Were you nervous about presenting the ideas?

Not really. I really love to solve problems especially for clients with strong ideas of what they want. It helps to guide the design. It’s a lot harder with clients who have no idea what they want – there’s no direction there. Having problems is actually helpful.


Photo Credit : MynMyn (Bidadari Park Drive)


What’s your design philosophy? 

Always sticking to my principals and offering my true perspective to my clients. If what my client originally wants doesn’t make sense, or doesn’t suit the style, I’ll advise them otherwise and do my part to educate and guide them.


Have there ever been a “horrifying” faux pas styles proposed by clients?

Quite a few. One I remember was with a close friend. It involved a loose shoe cabinet near the entrance. I told them to get an IKEA one. However, they felt that it was cheap and fragile and proceeded to shop all over the place for an alternative. But, in the end, they still went with my suggestion. 


Photo Credit : MynMyn (Bidadari Park Drive)


Do you have any style that you love working with?

I don’t have a particular style that I work with, but I believe a good interior reflects the personality of the homeowner or the brand of a business. That’s where concepts come in. 


How about yourself? What would you go for in your own home?

I don’t have a specific style. Like what I’ve said before, I’m more of a concept person. Generally, I like to design things that are clean, clutter-free, and easy-to-maintain. Those are more functional. 


So no specific design style like Scandinavian, minimalist, or modern?

Yeah, that’s correct. It’s like how a slab of marble as a feature wall in a space is considered luxurious but others might say it’s contemporary. However, it really depends on everything else around the space.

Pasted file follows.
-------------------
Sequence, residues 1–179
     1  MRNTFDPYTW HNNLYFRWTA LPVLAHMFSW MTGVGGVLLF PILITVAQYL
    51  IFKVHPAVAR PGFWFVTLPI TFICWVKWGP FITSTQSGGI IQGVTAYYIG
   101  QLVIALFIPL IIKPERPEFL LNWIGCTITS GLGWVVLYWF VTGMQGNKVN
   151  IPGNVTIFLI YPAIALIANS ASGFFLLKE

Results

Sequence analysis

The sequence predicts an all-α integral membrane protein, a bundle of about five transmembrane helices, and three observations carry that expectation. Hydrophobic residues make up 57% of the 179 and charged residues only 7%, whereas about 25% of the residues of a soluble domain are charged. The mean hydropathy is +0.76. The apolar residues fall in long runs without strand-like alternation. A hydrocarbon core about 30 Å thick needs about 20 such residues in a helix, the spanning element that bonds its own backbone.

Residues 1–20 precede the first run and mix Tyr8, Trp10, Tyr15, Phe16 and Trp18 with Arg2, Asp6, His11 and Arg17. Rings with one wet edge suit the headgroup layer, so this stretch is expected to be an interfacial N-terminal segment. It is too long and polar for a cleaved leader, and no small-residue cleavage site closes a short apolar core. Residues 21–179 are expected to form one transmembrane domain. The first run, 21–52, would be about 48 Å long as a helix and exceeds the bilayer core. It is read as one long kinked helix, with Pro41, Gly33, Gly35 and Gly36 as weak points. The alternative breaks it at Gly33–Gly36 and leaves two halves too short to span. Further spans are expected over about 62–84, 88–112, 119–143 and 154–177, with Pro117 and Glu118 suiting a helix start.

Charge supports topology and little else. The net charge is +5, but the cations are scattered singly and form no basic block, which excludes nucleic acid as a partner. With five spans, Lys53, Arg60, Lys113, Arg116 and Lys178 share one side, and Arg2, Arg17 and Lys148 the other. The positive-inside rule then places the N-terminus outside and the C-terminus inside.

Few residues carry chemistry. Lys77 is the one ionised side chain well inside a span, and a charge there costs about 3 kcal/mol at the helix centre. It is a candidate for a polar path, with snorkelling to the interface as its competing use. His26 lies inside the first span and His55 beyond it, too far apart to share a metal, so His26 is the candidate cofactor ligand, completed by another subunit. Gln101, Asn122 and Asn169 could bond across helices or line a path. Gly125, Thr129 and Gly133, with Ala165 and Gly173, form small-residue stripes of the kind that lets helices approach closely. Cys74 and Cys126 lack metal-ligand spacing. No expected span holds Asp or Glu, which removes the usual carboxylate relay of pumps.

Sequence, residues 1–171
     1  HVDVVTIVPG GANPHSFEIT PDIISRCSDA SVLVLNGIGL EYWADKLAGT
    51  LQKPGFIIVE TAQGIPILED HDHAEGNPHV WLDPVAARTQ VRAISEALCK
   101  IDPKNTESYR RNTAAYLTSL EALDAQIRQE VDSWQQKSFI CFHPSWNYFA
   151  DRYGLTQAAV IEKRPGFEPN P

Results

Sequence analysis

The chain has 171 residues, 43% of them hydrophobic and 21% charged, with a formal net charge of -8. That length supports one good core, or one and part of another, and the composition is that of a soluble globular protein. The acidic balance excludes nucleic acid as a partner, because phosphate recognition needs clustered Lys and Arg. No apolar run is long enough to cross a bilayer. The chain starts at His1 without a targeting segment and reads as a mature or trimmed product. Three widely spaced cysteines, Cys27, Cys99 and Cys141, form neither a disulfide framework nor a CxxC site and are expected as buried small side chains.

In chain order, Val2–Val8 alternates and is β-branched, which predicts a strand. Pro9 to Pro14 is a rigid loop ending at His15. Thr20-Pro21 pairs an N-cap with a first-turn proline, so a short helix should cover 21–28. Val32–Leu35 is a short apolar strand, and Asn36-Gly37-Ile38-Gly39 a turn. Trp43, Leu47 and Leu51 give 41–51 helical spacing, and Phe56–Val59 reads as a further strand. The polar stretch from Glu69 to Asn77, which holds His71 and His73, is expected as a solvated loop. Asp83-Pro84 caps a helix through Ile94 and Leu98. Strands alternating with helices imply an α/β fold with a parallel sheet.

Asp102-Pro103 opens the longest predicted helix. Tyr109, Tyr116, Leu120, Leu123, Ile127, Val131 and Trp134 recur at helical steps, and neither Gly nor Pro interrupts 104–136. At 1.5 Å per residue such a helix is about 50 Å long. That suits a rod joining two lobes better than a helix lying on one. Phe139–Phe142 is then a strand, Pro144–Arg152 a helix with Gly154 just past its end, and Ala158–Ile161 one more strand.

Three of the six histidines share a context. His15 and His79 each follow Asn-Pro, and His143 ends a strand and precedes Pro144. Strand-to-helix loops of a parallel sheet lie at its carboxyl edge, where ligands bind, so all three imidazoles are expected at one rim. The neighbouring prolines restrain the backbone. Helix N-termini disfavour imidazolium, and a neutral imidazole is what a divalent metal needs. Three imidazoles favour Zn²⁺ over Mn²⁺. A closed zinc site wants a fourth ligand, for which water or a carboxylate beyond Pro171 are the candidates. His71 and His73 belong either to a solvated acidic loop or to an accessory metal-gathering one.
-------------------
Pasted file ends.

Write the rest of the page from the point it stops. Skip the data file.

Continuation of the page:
For us, in some modern settings, we did away with false ceilings and installed track lights instead. Most consider them quite industrial but we managed to make it work in a modern setting.


Photo Credit : MynMyn (Bidadari Park Drive)


What inspires your work? Where do your ideas come from?

I draw inspiration from everywhere, from my surroundings and from online, such as Pinterest, Behance, and other design-related editorials. Sometimes, I’m working on a project and it so happens that I see something relatable when I’m travelling or having a stay cay. In those times, I’ll take photos or videos so that I can show my team or client.


Do you have a book and collection folder for these ideas?

I do. There are online editorials that I follow, some Behance pages, and things on Pinterest that I’ve saved. I’ve also got an album with snapshot of things I’ve seen or jobs I’ve done – makes it easy to refer back to those things and show them off. 


Have you ever had a memorable inspiration, a spark of genius, in the course of your work?

Not really because it’s really organic. To paint a scenario, one client wanted to do up the whole bathroom. Wanted to resell it. Concealed shower set, sit down structure in the shower, and all that. I couldn’t find a photo to demonstrate that idea. However, it just so happened that during a staycation, the hotel I was at had that exact thing. I videoed the whole thing and sent it to the client. There are so many like these that no moment stands out over the rest.


What is one advice you’d like to give new interior designers?

It’s a stressful job. You’ve got to find the joy in the work you do so that you won’t feel like it’s work every day. 

 

 

Posted on 24th June 2022

 

Kenny Tan, 

SIXiDES Editorial Team